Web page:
20’s: There is beauty to be found in every age.

20’s: There is beauty to be found in every age.

Work:

 What kind of career’s advice did you get as a young woman?

My parents told me I could be anything I wanted to be. I don’t remember much else. I remember being in the back of a taxi on the way to an audition for a drama school and the taxi driver asked me what I was auditioning for. When I explained that I wanted to be an actor he spun around in his seat, looked me up and down and said ‘yes you’re pretty enough.’ The best piece of advice I got was from my voice teacher on the day I left drama school. She told me not to get lost in the quest for achievement but to  remember to ‘enjoy the journey’.

What did you want to be when you left education?

An actor.

Did your mother work?

Yes. She never stopped! She ran her own Drama school. She was always organising huge shows in the local theatre. Our house was full of costumes and scripts. I started working in her drama school as a dance teacher when I was thirteen.

Love & Relationships:

Do you think getting married is important?

To me it is. It wasn’t always. But two years in to my relationship with my fiancé it became important to me. I realised I wanted to make that commitment to him and vice-Versa. I want to celebrate the commitment we are making to each other. I place importance in the act of making that promise publicly in front of the people we love and care about. But I am not going to change my name. And the women will also make speeches at our wedding.

What did you dream your future partner would be like when you were a little girl?

Oh I don’t know Aladdin or something! Or the handsome animated fox version of Robin Hood. Or maybe my action man doll: ripped with interesting scars and immobile plastic hair. I didn’t think about it at all. I was too busy prancing around being a Pegasus.

Is your relationship with your partner the same as your parents’ relationship?

Not at all. My parents are divorced. I was always aware my parents made each other unhappy. I didn’t think it was really possible to be in a loving relationship. I always assumed I’d have a successful career instead. Love was a luxury or an afterthought. The fact I am in a great relationship is a huge and welcome surprise.

Family:

How like your mother are you?

Very. People used to mistake us for each other on the phone all the time. Same sense of humour. Same tenacious spirit. Same capacity for worrying.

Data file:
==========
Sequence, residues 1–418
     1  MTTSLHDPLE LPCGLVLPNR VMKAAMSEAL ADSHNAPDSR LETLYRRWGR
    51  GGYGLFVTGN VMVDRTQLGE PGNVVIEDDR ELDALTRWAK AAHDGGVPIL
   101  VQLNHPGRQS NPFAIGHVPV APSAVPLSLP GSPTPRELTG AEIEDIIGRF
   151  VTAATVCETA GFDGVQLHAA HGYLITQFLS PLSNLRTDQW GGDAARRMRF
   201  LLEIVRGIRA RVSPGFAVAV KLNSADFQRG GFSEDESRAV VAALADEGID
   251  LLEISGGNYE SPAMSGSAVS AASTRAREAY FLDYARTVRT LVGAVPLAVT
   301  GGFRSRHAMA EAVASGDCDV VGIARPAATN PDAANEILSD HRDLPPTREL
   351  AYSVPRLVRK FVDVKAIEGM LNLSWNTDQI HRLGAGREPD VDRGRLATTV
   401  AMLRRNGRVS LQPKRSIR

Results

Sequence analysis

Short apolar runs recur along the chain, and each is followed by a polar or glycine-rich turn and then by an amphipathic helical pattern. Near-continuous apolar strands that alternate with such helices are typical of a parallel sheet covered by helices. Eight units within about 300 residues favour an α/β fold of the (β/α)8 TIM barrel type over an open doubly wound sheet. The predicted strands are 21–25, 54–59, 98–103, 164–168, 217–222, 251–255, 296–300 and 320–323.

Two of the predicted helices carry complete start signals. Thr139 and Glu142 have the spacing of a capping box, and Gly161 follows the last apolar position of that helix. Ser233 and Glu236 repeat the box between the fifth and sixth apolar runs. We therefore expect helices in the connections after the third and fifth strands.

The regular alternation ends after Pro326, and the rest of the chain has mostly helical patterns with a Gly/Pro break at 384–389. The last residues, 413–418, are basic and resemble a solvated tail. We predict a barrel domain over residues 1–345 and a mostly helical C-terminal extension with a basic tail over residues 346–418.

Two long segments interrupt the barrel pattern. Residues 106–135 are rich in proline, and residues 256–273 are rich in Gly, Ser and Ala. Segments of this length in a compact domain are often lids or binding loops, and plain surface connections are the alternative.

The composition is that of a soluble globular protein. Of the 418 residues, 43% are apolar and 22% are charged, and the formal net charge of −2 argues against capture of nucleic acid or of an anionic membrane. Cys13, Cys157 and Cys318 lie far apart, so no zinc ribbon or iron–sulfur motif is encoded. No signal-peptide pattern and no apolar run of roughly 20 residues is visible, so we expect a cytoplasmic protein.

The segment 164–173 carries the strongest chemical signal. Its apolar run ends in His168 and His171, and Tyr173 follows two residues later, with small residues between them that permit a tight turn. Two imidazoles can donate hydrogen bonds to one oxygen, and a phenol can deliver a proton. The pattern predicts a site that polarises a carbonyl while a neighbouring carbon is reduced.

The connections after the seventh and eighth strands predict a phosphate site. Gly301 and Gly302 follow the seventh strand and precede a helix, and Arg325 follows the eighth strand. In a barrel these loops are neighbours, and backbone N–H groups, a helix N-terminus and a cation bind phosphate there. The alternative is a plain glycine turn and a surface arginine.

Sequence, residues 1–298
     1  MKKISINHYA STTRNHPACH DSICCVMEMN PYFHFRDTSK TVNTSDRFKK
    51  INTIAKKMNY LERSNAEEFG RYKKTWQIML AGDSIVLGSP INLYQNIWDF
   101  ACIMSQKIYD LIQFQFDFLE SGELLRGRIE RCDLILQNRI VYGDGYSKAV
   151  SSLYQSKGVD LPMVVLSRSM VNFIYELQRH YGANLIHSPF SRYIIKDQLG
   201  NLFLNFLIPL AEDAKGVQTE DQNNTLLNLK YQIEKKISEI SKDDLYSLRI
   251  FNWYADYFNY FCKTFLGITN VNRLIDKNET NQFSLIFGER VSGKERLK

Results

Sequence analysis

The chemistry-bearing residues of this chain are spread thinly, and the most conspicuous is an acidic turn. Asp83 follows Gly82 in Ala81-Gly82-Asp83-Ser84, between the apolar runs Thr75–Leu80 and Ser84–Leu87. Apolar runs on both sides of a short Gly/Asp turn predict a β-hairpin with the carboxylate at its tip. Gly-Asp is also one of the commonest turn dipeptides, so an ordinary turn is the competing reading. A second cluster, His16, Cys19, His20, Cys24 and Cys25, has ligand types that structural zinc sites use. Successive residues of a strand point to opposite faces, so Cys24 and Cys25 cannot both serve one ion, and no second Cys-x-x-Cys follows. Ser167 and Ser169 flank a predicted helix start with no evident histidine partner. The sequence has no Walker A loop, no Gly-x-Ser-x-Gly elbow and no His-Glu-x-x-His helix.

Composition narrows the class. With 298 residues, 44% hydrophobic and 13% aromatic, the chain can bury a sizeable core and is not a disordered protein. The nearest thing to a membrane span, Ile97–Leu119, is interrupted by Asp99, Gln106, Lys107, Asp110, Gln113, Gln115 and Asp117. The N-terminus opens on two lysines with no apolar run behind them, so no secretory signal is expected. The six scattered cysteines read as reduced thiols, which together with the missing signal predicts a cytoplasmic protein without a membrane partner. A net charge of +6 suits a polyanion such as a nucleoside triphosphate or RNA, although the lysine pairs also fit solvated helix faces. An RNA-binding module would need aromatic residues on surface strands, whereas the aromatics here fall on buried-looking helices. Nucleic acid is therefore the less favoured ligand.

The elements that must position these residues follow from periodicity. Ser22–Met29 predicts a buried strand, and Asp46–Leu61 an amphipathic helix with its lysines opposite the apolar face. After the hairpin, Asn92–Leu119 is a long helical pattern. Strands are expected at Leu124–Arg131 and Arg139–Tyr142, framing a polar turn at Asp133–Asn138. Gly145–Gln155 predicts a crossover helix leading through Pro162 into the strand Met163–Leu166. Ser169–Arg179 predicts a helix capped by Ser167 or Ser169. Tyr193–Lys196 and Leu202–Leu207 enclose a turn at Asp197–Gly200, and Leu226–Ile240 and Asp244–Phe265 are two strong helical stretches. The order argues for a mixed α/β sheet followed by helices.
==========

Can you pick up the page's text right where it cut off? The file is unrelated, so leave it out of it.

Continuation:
What are your hopes for any daughters or young women you know?

My hopes for my daughter, if I have one in the future, are that she will grow up truly believing she can do anything. I would love for her to have the ability to stand up for herself if someone questions her ability to do something because she is female. One of my biggest frustrations as a woman is not feeling able to defend myself whenever a man has said something sexist or sexually inappropriate to me. I’ve been afraid of sounding like a ‘bitch’, or in some cases it’s been a boss so I felt unable to challenge him. My hope is that she will have the ability and confidence to stand up for herself in similar situations, and that these situations will be a lot rarer.

Do you bring your son up the same way as your daughter? Do you think boys and girls should be brought up differently?

I don’t have children but if I did I would want them to feel equal and equally nurtured. I think one of the most harmful things we can tell boys is ‘don’t  cry’ as it potentially stops them from being able to honestly express their feelings. I’ve seen young boys made to channel their hurt and sadness into anger and aggression. Surely this will only lead to problems down the line. I also think we should stop telling confident, articulate young girls they are bossy. Instead I will tell my daughter she is a good leader. I would teach my daughter to be careful as she gets older and to avoid potentially unsafe situations. I would also teach my son the importance of respect for women. But if there’s something I’d really like my kids to learn; it’s respect for everyone.

If you don’t have children, what have you been able to do that having children would have prevented you doing? What has your focus been?

As I don’t have children my focus is on my career. It means I can travel for acting, go on tour, live in another country for awhile. This would be a lot more difficult if I had kids because I would want to be with them.

Expectations and Dreams:

Who are your heroines and why?

My Mum. She raised me pretty much singlehandedly while running a successful business. She is always there for me if I’m going through a hard time. She has taught me to be strong and compassionate in equal measures.

What’s the bravest thing you’ve ever done?

Be an actor! There are no certainties in the career I’ve chosen but I know nothing else would make me happy. I also moved from Dublin to Oxford to be with my partner. He was the only person I knew here but I knew it would be worth it and it is. I think the bravest things I’ve done have always been the pursuit of adventure and happiness in the face of uncertainty.

What drives you?

Art. Theatre. Being creative and telling stories. My way of expressing myself and processing difficult situations has always been through creativity. I write and paint and act and dance my way through life.

What are your values?

Be respectful of yourself and others.

What is your biggest achievement?

I’d have to say my relationship. I’m in a healthy, loving relationship. It takes constant work but it feels easy. I feel very lucky.

Age: